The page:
I now am the proud owner of a Kindle. If you’ve got a Target in your town, you may wish to check to see if they still have any on the shelves; if so, they may be on clearance as they stopped carrying them.

Trying e-books vs. dead tree editions is a small adventure, but one I’m liking so far. I own another e-reader that is not nearly as convenient. The Kindle is it’s own animal and a whole other experience.

I resisted the shift a little bit. Books feel good. They smell nice. There is something about turning a page that isn’t replicated by advancing a screen. But at the same time, knowing that I have access to many books at once is cool, especially since I can carry them around in a package that is lighter than most hardbacks.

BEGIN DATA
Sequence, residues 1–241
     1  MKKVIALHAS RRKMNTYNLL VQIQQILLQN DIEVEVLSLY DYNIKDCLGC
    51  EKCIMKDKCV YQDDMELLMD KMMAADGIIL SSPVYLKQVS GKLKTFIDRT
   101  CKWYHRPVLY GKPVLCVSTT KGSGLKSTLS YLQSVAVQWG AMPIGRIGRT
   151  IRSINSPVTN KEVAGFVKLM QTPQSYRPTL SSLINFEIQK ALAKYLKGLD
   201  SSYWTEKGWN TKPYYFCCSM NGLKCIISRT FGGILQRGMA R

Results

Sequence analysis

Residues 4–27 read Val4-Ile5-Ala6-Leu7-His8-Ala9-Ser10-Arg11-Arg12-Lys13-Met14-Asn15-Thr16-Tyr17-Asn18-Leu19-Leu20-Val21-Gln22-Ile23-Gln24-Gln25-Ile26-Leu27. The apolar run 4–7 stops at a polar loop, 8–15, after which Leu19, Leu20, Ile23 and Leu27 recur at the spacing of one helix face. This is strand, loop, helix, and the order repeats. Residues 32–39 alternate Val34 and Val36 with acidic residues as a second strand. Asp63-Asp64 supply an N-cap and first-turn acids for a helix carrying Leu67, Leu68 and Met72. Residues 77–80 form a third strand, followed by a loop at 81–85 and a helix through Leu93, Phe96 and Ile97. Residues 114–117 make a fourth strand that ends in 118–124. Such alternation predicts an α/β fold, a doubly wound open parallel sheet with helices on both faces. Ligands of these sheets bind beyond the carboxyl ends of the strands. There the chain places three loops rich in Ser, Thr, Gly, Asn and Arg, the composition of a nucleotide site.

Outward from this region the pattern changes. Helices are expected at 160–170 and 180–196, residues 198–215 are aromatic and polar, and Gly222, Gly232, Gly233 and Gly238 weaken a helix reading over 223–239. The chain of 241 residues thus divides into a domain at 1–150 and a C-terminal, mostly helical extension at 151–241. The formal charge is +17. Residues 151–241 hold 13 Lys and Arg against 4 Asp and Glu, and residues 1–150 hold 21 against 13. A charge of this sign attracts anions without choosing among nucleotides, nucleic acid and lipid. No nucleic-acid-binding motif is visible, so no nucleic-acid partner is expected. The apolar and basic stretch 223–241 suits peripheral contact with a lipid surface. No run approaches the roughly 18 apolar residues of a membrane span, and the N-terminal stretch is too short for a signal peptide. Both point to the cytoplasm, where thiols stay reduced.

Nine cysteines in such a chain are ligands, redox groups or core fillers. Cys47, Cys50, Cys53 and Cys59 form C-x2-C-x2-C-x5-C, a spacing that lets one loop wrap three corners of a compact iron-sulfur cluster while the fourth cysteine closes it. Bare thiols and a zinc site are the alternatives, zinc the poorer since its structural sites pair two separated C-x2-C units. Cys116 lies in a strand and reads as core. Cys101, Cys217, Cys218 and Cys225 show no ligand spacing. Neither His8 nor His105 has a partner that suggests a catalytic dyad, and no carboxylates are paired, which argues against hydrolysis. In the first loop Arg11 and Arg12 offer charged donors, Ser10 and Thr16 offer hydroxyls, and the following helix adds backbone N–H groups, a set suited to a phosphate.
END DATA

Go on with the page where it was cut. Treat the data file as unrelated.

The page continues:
As I progress as a writer, I’m wondering how the e-book is going to change the profession I’ve sought to join all my adult life. On the one hand, I now have a short story collection that I didn’t have to vet through a publisher. But then again, so do a lot of people.

I’m worried that since there are so many words available in electronic media that any individual manuscript, however much effort or skill went into publishing it, will be devalued. I’m selling my collection for a buck, promoting it every so often for free. The question of how the ability to do that will effect the way books are seen is something that concerns me, and not only because I’d like to make a living at this. It worries me that writing, good writing, will be taken for granted.

Only time will tell. But in the meantime, there’s something nice about being able to go “Hey, what was the name of that novel” and not only have the answer, but have it in my hands in a matter of minutes.